“The earliest mention of this dish I have in my email archives is from 13 years ago, when I first asked my mom for the recipe while I was living in London and wanted to make it for my roommate. I’ve since forwarded it countless times, adding my own addenda along the way. This began as a recipe in some long-forgotten cookbook and became a working parent weeknight staple in my own house growing up. It’s fast if you want it to be, or you can forget it on the stove for a while. You can make it ahead, freeze and reheat it or, if you’re like me right now, you can make it a half an hour before dinner with help from your toddler while your mom — now known as Bubbe — FaceTime babysits your one-year-old in his highchair as you still try and answer work emails. It’s foolproof, made from only the most basic pantry ingredients but, most importantly for me right now, it tastes like home.


Oil (any kind will do, I use olive)
One chopped onion (anything you have on hand)
One pound of ground meat (I do chicken)
Chili powder
Canned tomatoes (one 28-oz can)
Can of kidney beans (one 14-oz can)

I sauté the onions until soft/translucent and then add the ground meat while gently adding some of the spices. As it continues to sauté, I again gently add some spices. Once it appears that it is about half way cooked through I add the tomatoes (cut them in half or so with your spoon to release their liquid) and again a small amount of the spices. Cover the lid, simmer for about half an hour and then add the beans (without their liquid) and again a small amount of spices; cook for about another 15 minutes. Serve over rice.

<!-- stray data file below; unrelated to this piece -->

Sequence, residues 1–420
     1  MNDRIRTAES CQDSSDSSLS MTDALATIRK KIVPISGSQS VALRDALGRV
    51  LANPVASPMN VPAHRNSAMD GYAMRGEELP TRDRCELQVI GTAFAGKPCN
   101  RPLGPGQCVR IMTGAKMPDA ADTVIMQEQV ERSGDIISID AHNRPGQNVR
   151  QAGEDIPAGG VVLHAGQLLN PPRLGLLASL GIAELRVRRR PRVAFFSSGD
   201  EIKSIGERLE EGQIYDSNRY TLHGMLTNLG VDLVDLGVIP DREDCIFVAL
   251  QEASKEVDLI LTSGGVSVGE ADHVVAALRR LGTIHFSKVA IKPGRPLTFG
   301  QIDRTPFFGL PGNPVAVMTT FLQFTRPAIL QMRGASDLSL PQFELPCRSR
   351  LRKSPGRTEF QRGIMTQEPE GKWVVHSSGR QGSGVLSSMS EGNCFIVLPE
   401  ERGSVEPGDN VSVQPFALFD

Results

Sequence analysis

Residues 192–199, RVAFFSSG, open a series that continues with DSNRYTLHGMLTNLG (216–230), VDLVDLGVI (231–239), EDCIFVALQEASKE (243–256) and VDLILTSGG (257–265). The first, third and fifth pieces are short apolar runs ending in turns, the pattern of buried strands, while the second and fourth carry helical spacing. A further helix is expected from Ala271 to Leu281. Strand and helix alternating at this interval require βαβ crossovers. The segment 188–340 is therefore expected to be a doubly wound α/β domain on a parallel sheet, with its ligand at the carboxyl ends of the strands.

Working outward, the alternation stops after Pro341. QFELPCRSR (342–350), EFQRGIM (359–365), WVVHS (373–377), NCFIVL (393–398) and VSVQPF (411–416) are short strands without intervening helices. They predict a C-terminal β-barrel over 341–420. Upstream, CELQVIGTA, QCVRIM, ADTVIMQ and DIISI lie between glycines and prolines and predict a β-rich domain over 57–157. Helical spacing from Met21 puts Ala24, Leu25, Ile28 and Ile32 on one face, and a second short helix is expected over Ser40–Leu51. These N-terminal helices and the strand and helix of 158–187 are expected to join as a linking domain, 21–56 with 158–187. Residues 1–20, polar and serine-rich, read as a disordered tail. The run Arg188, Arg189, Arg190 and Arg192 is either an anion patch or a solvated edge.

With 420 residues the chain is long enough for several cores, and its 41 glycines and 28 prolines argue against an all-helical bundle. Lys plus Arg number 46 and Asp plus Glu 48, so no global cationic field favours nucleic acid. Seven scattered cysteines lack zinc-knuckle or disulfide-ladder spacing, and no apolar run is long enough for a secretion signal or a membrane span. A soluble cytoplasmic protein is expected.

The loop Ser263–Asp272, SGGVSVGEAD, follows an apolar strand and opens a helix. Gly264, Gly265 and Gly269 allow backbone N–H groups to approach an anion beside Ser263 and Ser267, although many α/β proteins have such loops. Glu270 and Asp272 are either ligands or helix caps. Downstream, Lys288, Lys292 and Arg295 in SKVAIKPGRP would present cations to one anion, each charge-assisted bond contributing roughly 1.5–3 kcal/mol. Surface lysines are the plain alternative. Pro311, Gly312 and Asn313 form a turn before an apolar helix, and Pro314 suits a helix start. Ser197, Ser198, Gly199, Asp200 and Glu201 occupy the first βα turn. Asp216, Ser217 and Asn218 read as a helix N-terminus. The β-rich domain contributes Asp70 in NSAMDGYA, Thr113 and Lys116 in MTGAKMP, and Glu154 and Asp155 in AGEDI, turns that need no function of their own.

• To cut down on time, once you add the beans it can be ready really in five minutes or so, or you can also add the beans when you add the tomatoes. The simmering time is pretty flexible, so I’ll either leave it going on very low for a while, or cut the time down to be ready as soon as I need it.
  • If you use beef you are going to have to cook for a bit longer at each step because beef takes a bit longer to cook through. It will also release its own liquid so add less of the tomato liquid and the oil. (This is an original note from my mom. I can’t vouch for it, since I’ve never made it this way.)”

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Valentina Di Liscia

Valentina Di Liscia is the News Editor at Hyperallergic. Originally from Argentina, she studied at the University of Chicago and is currently working on her MA at Hunter College, where she received the...